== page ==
1. I recently got to visit both Luna Park Melbourne & Adventure Park Geelong for the first time. Like the other Victoria parks that I visited late last year, I didn't know much about these parks. All I knew was Luna Park had one of the oldest coasters in the world and Adventure Park had some very colourful slides. Luna Park Melbourne Located in St Kilda along the beach, this is defintiley the easiest park in Victoria to get to and is probably why it's one of the more popular parks (particularly for toursits). However (spoiler alert), it’s pretty disappointing. I haven’t been to Luna Park Sydney as a comparison, but Luna Park Melbourne needs a lot of work done and a real vision for what it could really be. I didn’t have high expectations before visiting, but to be honest, it was actually worse than my low expectations. Before going into my issues with the park and how I think it can improve, here’s the positives. There is a lot of history for this park and the entrance is certainly impressive. If you arrive my tram, it’s the first thing you see leading up to the park and with its architectural style and the coaster looping around the park, it’s unlike any other park I’ve been too. Watching the coaster go past over the entrance was very cool to watch, particularly as it’s relatively slow moving along the straights. If you haven’t ever been to Luna Park Melbourne, essentially The Great Scenic Railway surrounds the entire perimeter of the park, with all of the other rides spread throughout the park, with a couple of food options and stores. There’s quite a lot of the park that is heritage listed, so there is a lot of traditional and ‘unique’ buildings within the park. The Luna Palace building is currently undergoing a major refurbishment, so a large portion of the park felt like a construction site. But when complete next year, it will increase the footprint of this area of the land and allow for more rides and event spaces. So the first ride of the day was of course The Great Scenic Railway. This was honestly the main reason for wanting to visit the park and it was genuinely a lot of fun. Because it’s unlike anything else in the country (and really the world because of its age), it is so unique and is definitely something that got to be ridden. The station building is actually beautiful and it looked like it recently received a repaint because the colours were very vibrant. The cars were very tight and did cause a few bruises in a couple of moments throughout the ride, but that’s all part of the fun right? Having a human operating the brakes on board was so strange to witness and I feel like it’s something that won’t be around for much longer. The layout itself provided great views of the Melbourne landscape and it did pick up a bit of speed on the drops (maybe even the smallest bit of airtime), but otherwise it’s a pretty slow ride, but that gives it one of the longest ride times for any coaster in the country. Some of the other rides we did were Supernova (similar to SWs Trident, but it actually operates), the carousel, ghost train and speedy beetle (SBF Visa spinning coaster). All of these were fine, nothing to brag about, and most of the other rides were either something you found at a carnival or something I wasn’t interested in riding. So now onto my issues with this park. There is a lot of concrete. In fact, the entire park was just one big slab of concrete that became pretty hot, considering we visited on a cooler day. There was no landscaping (and if there was, so little that it went unnoticed); it needs some greenery to bring some life to the park. There was almost no shade, very little seating and the park felt old. Yes, it is a very old park, but that doesn’t mean it should feel old and dirty. I mentioned earlier the Scenic Railways station was beautiful (I actually loved looking at it), but it was mostly hidden by food trucks and a couple umbrellas. They should be showcasing this history, not hiding it behind stuff. With the major construction project that’s happening definitely isn’t helping the park, so I’ll have to visit it again when that’s all complete, but the way the park was laid out felt awkward and crowded. I know a lot of the rides aren’t permanently fixed to the ground so they can rearrange things as they feel necessary. But the park feels like it needs a master plan to work out what it’s trying to achieve. There are a few rides I’d say just get ride of (providing they aren’t heritage listed) and that allows for new and more exciting things to take their place. There was a kids train that was driving through the park, but on a busy day it just gets in the way. It’s honking at everyone because people aren’t moving because there’s such little space to move. I can see this park has so much potential and I hope the recently management can turn it around to take advantage of its location, history and what it could be. I wasn’t expecting great rides, but I did hope to feel the charm and history and such an iconic park. And for me I just didn’t feel it. I didn’t expect it to be like the Gold Coast parks, or even Funfields/Gumbuya that I got to visit last year, but I left the park disappointed. Maybe I’m being too critical of Luna Park Melbourne (so I’m interested to hear others thoughts), but I do hope post this major development of Luna Palace, the park begins to transform into what it could be. Adventure Park Geelong Located just over an hour south of Melbourne (20 minutes east from Geelong), I also didn’t know much about Adventure Park Geelong and its offerings. All I knew about were the colourful tornado style slides that opened in recent years. This park has a good range of both water slides and dry rides spread across the park, but what makes this place special is the massive lake in the middle that has endless boardwalks and green spaces surrounding it. For the most part, it is a very pretty park (I’ll get into this more later). At the front of the park are all the dry rides (and a couple old slides) and then across the lake is all the newer water slides with the pro-slides, lazy river, racer and kids play/splash zones. Our group had a treetop cabana during our visit, which provided a good view of the pro-slide attractions and was a good location to store all our belongings. As there’s no wave pool, there’s no ‘central’ location to keep your stuff like you would at a normal water park. There are some loungers and grass areas around the lazy river, but if you’re visiting a cabana might be a good idea on a busier day. We started with the Tornado and Tsunami. These are comparable to Green Room and Triole Vortex at WhiteWater World… but better. The Tornado (while a smaller model compared to the GC versions) has a great build up to the drop and certainly has a great pace. And Tsunami is a lot better than Triple Vortex (I just used it as a comparison because it has three funnels), as you ride in the standard clover rafts and the slide gets some really good speed and you actually drop into each of the funnels. The last funnel is fully enclosed and does slow you down, but it picks up speed again into the final splashdown. On the left side of the park is the other area of the water park, which features a large lazy river, with the kids zones and aqua racer in the middle. The Aqua Racer is a clone of the one that used to be at WnW, so it gives quite a bit of airtime on the last few drops. The lazy river has one main entry/exit point and something WnW should take note of, a queue line. To the side of the entrance is a queue line that is used on the parks busier days to help organise the chaos of waiting for a raft. There is also a wave machine at one point of the river, but unfortunately it was not operating during our visit (Gumbuya World had one operating and it makes the lazy river become river rapids, which is always good fun). There are some cabanas behind the river and they actually have their own private access to the river, seperate from the main entrance point. And the final water attractions are at the front of the park, which are two more traditional double raft slides that are (almost) pitch black and throw you around and get some good speed towards the end. The parks food offerings are for the most part your standard theme park items, but they were surprisingly cheap compared to most other parks I’ve been too. Burgers were around $12 and then a regular combo was $8, which included chips and a drink. And it was good quality too! Now it was time for the dry rides and there’s quite a good selection of them too. There was most of your normal expected flat rides, but there was also a wave swinger, large Ferris wheel, traditional carousel and SBF Visa spinning coaster. All of these were well presented and they were laid out very well across the front of the park. They also had two mini golf courses and paddle boats (on the lake) that were included with your general admission ticket. Overall the park was very clean, looked after, nicely presented and had a solid variety of attractions that easily fills your day. All of the staff were great and reasonably efficient. However there were a couple of negatives/areas to improve. Firstly, the entrance was very underwhelming. There was a large lawn area, with some shade sails and then the ticket booths. There was no big park sign and nothing to welcome you. It was very strange to not see a park sign at the entrance to the park. Secondly, the park has a massive winter night event and Christmas night event that apparently pulls massive crowds for both events. However, they don’t take any of the decorations down when the events aren’t on. That means, throughout the entire park are mesh animals, Christmas decorations and Christmas lights. And I mean everywhere. From every point in the park, you could these decorations and a lot of them aren’t in good condition either. I’d imagine this event has run for a few years now because a lot of it was looking pretty tired (probably because it’s left out all year round). It’s a shame they don’t pack it all away when the events aren’t running because I can see how pretty the park is, but you’ve got all the stuff everywhere. I can appreciate why they wouldn’t because there is so much of it and it would take a long time to remove and setup, but also, they would need a massive shed to store it all as well. Also, this park has a lot of land. There were (essentially) fields of land within the parks fences for so much potential expansion. The park could definitely benefit from even more water slides and maybe even a wave pool. I haven’t checked, but I’d guess you could even fit a DC Rivals on the land they’ve got (they wouldn’t have the budget for it, but just to put it in perspective). This park is already very solid and definitely worth a visit and I’m keen to see what they do in the future. Final Score My final score based off my first visit to both parks would be a 3/10 for Luna Park Melbourne and a 7/10 for Adventure Park Geelong.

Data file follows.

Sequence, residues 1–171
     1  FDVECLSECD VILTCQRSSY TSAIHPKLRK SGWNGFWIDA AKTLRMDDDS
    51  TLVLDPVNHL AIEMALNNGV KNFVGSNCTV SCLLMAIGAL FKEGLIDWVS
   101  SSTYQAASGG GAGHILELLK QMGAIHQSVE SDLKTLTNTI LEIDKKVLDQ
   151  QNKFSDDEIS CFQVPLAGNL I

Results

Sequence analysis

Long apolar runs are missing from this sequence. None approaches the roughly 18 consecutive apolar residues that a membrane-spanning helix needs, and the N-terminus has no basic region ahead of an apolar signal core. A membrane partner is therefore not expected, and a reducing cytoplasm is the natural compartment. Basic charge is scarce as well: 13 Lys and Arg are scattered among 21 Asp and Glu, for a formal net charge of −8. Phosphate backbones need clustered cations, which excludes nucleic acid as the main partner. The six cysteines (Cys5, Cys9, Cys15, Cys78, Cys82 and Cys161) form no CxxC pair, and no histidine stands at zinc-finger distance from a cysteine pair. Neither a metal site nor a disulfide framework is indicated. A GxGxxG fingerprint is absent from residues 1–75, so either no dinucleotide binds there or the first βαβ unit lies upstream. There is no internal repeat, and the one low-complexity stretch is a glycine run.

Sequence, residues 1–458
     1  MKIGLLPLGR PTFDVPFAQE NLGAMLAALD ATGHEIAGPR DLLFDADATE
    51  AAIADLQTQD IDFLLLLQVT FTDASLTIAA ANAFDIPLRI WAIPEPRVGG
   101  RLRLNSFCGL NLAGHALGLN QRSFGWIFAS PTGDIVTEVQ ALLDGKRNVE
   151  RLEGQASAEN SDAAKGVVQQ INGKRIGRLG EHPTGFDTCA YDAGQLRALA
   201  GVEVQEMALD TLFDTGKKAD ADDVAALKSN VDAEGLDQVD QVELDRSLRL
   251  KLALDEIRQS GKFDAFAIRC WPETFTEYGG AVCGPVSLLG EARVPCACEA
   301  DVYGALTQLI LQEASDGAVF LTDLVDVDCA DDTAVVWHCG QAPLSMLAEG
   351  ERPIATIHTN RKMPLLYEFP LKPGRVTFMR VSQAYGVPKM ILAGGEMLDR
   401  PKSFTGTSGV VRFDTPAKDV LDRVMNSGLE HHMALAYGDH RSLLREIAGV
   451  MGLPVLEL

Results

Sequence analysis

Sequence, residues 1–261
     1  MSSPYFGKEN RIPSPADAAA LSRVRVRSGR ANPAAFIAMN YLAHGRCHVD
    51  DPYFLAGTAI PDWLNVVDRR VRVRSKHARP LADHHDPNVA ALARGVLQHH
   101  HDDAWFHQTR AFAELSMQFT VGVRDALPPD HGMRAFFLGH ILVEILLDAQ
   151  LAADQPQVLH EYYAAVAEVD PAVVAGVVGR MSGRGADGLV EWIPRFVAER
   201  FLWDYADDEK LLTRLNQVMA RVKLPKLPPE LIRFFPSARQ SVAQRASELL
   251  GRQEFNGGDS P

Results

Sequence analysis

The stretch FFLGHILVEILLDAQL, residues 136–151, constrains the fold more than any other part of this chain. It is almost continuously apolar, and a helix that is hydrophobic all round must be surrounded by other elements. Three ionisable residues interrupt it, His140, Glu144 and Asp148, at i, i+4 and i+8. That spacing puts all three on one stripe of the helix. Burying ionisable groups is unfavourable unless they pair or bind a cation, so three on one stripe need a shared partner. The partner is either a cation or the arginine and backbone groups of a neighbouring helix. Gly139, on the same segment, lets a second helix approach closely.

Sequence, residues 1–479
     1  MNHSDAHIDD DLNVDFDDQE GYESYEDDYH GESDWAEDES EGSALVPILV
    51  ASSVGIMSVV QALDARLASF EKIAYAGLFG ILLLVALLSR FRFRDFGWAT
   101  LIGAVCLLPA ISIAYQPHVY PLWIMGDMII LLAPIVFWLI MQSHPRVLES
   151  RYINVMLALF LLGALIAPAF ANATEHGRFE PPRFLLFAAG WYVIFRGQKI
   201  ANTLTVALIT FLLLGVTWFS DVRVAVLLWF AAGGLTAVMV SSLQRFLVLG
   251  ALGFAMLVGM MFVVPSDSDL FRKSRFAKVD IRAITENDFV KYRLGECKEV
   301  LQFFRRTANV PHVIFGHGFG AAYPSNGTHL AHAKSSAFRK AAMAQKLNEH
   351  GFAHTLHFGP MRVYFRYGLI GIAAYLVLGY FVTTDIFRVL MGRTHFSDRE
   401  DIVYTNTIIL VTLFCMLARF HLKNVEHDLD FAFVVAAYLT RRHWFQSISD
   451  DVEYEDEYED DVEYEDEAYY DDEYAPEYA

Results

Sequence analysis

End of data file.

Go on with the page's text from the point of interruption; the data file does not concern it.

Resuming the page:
2. Time to compare the two SBF Visa spinning coasters that we have in Victoria. Vote by Tuesday (want to speed the unintresting coasters up, will do the same for the next ones which will be the mini Zamperla coasters)